Gene Editing May Cure Sickle CellAugust 28, 2017 |
by Karla Lant
Approximately 100,000 people in the US have sickle-cell disease. Most sufferers are African-Americans, but there are also many Latino patients as well as people of Mediterranean, Middle Eastern, Asian, and Southeast Asian descent who have sickle-cell disease. The disease is painful, and shortens the lifespan of sufferers to about 40 to 60 years.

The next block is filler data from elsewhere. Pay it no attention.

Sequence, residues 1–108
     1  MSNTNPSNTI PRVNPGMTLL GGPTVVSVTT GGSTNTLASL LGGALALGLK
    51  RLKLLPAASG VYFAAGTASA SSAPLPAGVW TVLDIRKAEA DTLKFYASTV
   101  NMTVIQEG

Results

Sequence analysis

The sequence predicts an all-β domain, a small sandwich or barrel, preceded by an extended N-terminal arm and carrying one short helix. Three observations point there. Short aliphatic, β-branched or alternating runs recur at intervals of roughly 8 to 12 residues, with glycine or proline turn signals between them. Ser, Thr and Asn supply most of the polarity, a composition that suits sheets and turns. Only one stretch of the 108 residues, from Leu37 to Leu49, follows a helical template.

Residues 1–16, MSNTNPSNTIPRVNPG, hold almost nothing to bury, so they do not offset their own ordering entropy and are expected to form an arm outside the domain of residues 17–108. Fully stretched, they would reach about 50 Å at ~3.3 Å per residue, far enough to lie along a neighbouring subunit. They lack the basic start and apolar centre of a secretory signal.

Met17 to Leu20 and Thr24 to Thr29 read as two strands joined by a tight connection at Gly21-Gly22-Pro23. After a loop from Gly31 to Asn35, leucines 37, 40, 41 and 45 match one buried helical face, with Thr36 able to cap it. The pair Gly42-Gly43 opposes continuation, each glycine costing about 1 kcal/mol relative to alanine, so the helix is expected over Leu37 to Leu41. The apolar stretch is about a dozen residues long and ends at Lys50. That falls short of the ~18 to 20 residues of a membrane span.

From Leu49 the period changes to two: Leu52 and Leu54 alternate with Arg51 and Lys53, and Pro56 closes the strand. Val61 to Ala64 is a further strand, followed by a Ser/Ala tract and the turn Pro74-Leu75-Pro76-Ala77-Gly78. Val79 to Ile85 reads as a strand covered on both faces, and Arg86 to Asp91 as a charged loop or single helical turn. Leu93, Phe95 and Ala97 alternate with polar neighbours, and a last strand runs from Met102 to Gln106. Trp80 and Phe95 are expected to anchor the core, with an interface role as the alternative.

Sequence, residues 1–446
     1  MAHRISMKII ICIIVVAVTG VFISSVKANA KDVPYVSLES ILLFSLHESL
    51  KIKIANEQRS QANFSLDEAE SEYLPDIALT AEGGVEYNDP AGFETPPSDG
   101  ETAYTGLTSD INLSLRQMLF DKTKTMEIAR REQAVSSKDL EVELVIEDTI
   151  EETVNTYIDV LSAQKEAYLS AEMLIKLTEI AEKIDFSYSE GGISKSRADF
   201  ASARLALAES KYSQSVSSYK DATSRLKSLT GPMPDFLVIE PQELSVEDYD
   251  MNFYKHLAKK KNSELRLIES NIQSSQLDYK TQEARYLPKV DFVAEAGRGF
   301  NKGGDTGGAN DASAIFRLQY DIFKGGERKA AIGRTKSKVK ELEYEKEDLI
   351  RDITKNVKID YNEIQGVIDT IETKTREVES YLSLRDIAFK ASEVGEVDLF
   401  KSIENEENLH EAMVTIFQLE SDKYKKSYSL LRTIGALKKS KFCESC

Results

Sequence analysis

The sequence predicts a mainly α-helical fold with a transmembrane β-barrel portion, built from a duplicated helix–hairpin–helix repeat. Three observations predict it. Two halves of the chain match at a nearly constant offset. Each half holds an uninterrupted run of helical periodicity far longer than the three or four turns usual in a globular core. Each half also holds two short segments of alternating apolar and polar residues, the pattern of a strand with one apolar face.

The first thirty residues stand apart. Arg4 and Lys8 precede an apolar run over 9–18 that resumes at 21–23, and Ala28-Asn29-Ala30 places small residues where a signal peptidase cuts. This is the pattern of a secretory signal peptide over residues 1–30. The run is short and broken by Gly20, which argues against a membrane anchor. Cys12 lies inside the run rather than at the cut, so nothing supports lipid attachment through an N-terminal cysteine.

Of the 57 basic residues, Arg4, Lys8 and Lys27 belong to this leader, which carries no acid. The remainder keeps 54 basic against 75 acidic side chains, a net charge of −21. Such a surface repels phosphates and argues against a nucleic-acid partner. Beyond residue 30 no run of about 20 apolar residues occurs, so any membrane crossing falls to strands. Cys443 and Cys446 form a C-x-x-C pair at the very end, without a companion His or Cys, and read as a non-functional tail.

Although its cause has been understood for more than a century, patients with sickle-cell have historically been underserved by both the pharmaceutical industry and the medical establishment. However, as CRISPR is changing the face of medicine, it may also be changing this lived reality for people with sickle-cell disease, which is caused by a single mutation that is well-studied, making it an appealing candidate for correction with the gene-editing tool.